Implementing Design Thinking

N°277b – Synopsis (8p.) – Innovation Strategy
Implementing Design Thinking
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Based on proximity to the end user, on pragmatism and agility, Design Thinking promises to boost innovation. But this method can prove demanding to implement. How can you make the best possible use of it in your organization?

Innovation has become an ever more complex challenge. Indra Nooyi, CEO of PepsiCo, illustrates: “The rule used to be that you’d reinvent yourself once every seven to ten years. Now it’s every two to three years.” The pace of innovation is speeding up, under pressure from fierce competition and the accelerated rate of progress in technological innovations. Consumers demand more customization and will quickly drop a brand for a more distinctive experience elsewhere. Companies must now integrate into their products and services state-of-the-art technologies that are sometimes lacking in maturity. They must also coordinate increasingly sophisticated customer journeys, across both physical and digital channels.

Design Thinking addresses this challenge. It represents an approach for innovation and complex problem solving, made popular by the firm IDEO in the 2000’s. The principle is both simple and common sense: good innovation must associate user desirability with technological feasibility and economic viability. The originality of the method lies in incorporating the end-user as fully as possible into the innovation process, in combining observations on use and empathy with the user, in using prototyping and iterative loops of testing and learning—with the whole thing being led by multidisciplinary teams, to guarantee the realism of the paths being considered.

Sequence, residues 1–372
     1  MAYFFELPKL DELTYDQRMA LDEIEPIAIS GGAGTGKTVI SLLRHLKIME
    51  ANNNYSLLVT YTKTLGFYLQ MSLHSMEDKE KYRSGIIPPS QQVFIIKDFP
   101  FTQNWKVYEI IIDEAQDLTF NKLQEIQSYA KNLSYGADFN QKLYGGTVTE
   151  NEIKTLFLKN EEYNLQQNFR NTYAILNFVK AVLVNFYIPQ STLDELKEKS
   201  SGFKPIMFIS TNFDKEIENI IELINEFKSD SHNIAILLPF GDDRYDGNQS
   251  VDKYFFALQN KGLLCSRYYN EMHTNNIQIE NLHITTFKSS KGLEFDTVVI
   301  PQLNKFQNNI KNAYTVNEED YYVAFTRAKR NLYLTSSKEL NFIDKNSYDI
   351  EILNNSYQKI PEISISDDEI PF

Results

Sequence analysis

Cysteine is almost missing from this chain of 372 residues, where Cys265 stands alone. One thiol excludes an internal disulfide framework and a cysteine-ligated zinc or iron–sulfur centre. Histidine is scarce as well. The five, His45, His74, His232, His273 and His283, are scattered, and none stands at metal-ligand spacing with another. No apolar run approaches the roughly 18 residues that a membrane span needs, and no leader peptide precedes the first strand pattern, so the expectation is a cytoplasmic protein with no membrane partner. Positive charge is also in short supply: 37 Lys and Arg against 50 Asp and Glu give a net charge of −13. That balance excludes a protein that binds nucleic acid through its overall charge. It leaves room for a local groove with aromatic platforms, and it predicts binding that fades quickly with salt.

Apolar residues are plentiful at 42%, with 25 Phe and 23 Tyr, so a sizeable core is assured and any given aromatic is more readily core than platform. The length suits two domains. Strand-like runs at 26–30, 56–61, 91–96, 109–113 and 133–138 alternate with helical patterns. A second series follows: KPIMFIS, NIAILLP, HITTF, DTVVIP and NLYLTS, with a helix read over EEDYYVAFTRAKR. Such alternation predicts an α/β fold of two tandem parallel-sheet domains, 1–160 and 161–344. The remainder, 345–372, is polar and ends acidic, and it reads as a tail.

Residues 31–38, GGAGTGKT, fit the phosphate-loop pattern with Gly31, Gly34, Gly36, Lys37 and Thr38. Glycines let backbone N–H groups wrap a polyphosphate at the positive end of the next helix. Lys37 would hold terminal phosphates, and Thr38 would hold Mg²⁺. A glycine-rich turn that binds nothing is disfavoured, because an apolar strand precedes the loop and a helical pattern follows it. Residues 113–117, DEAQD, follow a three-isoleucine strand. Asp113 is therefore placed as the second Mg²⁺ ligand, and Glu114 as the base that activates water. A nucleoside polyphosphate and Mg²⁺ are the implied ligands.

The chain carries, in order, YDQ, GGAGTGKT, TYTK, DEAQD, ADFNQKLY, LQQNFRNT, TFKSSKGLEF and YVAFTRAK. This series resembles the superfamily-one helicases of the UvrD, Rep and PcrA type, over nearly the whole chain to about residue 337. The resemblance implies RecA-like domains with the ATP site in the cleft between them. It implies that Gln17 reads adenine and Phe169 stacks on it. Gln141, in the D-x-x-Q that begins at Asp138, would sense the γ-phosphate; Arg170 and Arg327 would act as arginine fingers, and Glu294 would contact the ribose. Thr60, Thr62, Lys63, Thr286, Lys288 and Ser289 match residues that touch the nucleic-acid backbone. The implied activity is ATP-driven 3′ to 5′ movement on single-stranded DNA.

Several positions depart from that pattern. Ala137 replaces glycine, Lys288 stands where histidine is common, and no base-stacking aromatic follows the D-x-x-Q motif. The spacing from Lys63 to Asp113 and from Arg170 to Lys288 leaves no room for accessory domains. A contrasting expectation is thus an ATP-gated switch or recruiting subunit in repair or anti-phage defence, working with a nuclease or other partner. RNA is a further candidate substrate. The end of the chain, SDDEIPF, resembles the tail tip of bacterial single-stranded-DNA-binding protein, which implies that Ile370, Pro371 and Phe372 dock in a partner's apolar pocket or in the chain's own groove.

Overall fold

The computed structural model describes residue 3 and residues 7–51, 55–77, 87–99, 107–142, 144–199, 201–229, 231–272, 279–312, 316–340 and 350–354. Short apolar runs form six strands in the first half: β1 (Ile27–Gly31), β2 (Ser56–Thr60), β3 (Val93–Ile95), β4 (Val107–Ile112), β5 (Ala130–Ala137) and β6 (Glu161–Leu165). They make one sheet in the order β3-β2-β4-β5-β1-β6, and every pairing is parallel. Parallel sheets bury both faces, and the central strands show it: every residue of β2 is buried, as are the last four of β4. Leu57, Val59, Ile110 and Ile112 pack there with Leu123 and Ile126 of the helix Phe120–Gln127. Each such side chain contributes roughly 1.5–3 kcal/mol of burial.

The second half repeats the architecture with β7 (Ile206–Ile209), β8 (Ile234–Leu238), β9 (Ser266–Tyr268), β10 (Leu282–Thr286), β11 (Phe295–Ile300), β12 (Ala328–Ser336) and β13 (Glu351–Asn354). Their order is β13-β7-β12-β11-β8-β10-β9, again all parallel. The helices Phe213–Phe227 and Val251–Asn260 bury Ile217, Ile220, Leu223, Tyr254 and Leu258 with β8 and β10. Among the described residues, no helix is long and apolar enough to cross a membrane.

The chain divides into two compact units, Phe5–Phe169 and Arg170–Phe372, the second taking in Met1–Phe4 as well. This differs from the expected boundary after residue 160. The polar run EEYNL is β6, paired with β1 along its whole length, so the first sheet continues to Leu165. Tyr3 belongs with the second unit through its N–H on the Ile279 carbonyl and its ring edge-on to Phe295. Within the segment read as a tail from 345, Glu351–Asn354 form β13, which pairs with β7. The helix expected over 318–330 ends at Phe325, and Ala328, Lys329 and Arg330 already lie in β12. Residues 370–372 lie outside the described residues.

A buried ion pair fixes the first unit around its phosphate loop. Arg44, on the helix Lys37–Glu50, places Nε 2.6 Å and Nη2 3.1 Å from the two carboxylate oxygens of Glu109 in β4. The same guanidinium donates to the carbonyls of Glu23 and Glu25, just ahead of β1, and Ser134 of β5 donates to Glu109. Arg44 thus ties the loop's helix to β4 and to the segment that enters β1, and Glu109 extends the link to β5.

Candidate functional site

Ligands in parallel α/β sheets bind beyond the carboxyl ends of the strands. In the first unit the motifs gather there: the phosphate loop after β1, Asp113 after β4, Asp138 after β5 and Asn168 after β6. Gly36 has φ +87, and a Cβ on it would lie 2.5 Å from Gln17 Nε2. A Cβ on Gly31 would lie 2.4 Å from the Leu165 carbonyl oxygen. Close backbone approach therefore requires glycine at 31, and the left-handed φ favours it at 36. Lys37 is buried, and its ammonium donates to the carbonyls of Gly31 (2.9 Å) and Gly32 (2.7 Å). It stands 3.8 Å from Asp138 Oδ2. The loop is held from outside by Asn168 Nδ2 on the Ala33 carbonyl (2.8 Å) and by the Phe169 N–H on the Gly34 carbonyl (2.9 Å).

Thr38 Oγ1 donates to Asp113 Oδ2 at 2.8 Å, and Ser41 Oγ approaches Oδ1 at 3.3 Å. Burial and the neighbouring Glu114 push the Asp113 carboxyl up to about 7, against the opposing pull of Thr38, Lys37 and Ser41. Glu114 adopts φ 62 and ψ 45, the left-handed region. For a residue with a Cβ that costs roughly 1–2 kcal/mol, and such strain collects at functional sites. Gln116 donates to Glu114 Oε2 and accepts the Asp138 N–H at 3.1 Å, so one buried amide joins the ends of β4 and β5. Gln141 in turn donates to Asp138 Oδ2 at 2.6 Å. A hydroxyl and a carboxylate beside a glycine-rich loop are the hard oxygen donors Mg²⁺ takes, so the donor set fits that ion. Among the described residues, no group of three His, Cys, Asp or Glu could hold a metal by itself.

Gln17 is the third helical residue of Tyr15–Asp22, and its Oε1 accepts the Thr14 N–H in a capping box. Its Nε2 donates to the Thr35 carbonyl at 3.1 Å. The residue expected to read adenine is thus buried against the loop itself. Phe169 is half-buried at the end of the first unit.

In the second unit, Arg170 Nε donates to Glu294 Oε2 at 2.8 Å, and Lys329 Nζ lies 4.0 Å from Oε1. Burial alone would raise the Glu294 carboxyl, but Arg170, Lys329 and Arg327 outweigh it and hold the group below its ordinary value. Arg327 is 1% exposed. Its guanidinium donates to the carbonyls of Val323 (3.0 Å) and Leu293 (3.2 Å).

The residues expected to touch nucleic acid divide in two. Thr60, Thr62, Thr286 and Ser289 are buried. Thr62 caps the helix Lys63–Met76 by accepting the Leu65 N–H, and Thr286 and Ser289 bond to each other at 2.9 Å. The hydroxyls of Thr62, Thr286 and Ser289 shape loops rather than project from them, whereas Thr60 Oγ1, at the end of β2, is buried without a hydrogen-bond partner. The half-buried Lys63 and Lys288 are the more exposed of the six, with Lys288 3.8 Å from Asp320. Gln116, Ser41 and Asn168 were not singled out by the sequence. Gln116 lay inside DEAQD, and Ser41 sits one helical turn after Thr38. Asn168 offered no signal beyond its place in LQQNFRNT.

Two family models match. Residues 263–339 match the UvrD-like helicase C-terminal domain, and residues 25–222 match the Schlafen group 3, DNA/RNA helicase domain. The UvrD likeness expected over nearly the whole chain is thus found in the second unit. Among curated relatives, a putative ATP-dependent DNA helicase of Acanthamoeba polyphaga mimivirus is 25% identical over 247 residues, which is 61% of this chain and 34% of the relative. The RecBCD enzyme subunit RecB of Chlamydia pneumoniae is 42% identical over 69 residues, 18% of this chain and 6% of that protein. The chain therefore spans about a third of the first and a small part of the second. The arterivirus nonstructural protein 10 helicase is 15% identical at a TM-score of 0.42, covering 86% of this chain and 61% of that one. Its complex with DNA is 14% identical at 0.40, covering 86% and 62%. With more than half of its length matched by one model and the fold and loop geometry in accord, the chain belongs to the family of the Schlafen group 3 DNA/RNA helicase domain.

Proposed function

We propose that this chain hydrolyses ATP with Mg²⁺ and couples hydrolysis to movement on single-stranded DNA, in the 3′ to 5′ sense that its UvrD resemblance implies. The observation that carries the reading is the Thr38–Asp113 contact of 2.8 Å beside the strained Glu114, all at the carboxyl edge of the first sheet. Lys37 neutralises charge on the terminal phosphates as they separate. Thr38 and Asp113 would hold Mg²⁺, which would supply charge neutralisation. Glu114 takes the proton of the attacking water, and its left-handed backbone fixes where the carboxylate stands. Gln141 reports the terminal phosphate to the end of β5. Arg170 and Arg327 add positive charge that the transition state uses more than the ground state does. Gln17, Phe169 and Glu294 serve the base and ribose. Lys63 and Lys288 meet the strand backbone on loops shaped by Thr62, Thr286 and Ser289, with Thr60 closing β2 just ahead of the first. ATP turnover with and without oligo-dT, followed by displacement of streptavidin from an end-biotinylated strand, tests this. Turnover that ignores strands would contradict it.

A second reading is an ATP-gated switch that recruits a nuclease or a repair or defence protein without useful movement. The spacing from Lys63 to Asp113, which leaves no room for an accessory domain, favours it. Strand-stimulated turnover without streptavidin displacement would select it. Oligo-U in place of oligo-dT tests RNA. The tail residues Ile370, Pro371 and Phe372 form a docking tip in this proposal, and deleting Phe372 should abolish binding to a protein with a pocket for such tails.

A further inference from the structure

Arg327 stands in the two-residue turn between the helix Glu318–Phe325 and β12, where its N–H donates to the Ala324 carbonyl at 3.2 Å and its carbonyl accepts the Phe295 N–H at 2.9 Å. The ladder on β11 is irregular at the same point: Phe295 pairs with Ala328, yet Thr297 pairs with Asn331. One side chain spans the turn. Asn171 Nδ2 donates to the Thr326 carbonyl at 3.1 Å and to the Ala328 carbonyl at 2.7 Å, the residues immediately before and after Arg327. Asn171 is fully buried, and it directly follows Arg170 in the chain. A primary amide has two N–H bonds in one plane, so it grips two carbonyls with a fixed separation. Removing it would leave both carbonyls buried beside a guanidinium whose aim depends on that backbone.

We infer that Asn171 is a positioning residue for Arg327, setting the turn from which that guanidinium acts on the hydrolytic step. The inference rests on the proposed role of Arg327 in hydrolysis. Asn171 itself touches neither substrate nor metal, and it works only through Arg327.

Many leading companies swear by this method. Disney thus reinvented the experience of visitors to its parks with the Magic Band, a connected bracelet that lets wearers book their favorite attractions without needing to queue. PepsiCo developed Pepsi Spire, a soda fountain with a touch screen that allows users to customize their drinks. Design Thinking is even used to reengineer business organizations’ operations. Thus, Atos used it to redefine the service model of its legal department.

Yet, there is nuance to the returns of experience, and the approach has also experienced some failures. Indeed, too often, companies think they are implementing Design Thinking by applying certain tools—conducting an ethnographic study or working through prototypes for example. In reality, applying this method entails introducing radical disruptions to the way in which innovation is envisioned. How can you successfully lead such a transformation in culture?

In this synopsis: 
- The key components of the Design Thinking approach
- Ensuring the conditions for success of Design Thinking
- Three essential tools of Design Thinking 


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